Foxes & Opossums

Discussion in 'Predators and Pests' started by twin2ty, Jan 25, 2014.

  1. twin2ty

    twin2ty Out Of The Brooder

    Mar 17, 2013
    I had a flock of chickens that we free ranged during the day in a 1 acre fenced in yard (chain link), and were cooped up at night. I started loosing one here and there, then one day 7 went missing in one day. Neighbors reported a red fox leaving the scene. After we started cooping up the remaining two full time, opossums got my last two. My question is, why didn't the opossums bother the chickens while they were free ranged during the day, but only after I stopped letting them out. Opossums got both at night, so that opportunity was always there. While chickens were free ranging, I used to throw out kitchen scraps in a sort of compost pile, but stopped doing that once I stopped letting my last two free range? I'd like to get more chickens, but not really sure how to completely protect them. A dog against the foxes? Go back to "feeding" the opossums with kitchen scraps? Any ideas?
  2. aart

    aart Chicken Juggler! Premium Member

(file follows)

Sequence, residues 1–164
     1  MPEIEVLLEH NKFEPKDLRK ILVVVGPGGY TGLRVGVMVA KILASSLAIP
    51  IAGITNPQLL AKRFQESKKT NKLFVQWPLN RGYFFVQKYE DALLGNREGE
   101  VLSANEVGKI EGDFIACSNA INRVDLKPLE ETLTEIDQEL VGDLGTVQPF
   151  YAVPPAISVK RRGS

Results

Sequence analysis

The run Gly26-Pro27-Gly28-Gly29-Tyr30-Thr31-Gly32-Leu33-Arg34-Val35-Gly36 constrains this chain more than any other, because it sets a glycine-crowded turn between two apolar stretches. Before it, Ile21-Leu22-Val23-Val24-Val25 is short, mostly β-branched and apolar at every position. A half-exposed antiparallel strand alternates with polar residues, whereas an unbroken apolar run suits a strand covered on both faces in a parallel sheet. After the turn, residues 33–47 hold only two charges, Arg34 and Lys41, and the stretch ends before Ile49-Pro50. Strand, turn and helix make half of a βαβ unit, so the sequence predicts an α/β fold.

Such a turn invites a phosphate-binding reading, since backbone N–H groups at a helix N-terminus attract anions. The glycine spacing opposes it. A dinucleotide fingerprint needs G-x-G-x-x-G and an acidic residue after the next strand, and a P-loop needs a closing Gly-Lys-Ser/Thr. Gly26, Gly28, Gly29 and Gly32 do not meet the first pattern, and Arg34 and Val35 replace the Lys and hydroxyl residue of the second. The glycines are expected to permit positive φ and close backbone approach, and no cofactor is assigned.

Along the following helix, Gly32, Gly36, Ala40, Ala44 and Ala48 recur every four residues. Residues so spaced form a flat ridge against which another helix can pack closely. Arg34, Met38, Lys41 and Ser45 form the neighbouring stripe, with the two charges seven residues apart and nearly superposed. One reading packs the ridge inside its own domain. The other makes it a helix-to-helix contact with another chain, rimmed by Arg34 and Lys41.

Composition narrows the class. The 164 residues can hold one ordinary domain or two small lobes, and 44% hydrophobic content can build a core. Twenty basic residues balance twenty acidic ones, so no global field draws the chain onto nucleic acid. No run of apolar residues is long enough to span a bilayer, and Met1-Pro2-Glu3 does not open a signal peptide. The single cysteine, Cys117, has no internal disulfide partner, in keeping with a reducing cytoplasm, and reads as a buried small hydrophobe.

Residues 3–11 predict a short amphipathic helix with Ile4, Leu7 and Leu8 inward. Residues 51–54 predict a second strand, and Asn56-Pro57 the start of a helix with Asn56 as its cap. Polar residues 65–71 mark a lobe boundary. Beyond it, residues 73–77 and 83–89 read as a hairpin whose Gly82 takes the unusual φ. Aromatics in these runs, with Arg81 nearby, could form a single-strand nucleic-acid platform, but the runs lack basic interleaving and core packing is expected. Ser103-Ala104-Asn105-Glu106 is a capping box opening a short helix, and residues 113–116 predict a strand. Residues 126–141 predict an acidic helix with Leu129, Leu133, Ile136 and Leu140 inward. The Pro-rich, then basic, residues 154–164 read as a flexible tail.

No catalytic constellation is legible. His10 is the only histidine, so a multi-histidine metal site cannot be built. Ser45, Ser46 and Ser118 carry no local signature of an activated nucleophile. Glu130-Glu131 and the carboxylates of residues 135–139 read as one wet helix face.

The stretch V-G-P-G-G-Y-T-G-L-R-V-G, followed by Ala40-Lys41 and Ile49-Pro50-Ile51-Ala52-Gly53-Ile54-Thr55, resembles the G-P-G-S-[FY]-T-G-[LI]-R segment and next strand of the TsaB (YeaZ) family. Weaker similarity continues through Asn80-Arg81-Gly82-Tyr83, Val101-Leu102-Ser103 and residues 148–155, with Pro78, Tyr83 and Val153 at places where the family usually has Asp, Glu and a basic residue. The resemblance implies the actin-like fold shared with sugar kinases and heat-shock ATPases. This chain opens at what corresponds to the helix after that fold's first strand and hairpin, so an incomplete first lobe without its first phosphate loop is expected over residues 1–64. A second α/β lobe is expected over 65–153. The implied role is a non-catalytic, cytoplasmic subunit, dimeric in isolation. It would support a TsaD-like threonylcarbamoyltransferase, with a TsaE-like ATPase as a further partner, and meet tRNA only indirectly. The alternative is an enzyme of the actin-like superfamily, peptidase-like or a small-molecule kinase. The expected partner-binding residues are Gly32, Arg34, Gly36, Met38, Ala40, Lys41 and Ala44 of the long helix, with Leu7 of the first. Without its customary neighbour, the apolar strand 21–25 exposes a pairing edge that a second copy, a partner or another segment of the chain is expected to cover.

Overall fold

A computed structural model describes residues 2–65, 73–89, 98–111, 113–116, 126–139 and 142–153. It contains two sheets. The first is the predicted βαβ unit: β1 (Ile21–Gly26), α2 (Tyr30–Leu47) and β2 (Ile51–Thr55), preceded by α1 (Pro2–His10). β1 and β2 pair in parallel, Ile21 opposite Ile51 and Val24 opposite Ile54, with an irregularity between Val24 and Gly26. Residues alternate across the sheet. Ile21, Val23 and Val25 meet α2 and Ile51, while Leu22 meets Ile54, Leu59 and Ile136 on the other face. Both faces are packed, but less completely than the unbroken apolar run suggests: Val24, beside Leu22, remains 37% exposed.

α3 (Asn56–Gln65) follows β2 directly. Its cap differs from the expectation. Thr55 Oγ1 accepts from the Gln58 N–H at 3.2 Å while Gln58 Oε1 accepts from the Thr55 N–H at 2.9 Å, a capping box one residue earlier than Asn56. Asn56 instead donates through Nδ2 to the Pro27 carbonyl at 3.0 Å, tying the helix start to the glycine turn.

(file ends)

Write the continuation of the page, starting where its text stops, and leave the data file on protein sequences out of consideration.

Nov 27, 2012
    SW Michigan
    My Coop
    Could be that the possums didn't show up until the fox started striking....or they were eating compost so didn't bother chickens.

    Free ranging is always a risk.....bullet proof coop for night time should always be a priority.
    Properly training a dog to protect property with livestock can take up to 2 years.

    Hot wire around your fence would help with daytime least against most ground traveling predators.
  3. ivan3

    ivan3 spurredon Premium Member

    Jan 27, 2007
    Red Foxes, even if one is conducting ARMED, supervised free ranging is not 100% protection. Over the past 9 yrs, between our closest neighbors and ourselves, we have simply preemptively removed the foxes. We'll see one, now and again, but they aren't here early every evening anymore.

    Go with the electric fencing and ft. knox coop if possible. Preemptive trapping (etc) removal of vermin won't keep others from coming, but it sure cuts down on the overall frequency of predation.

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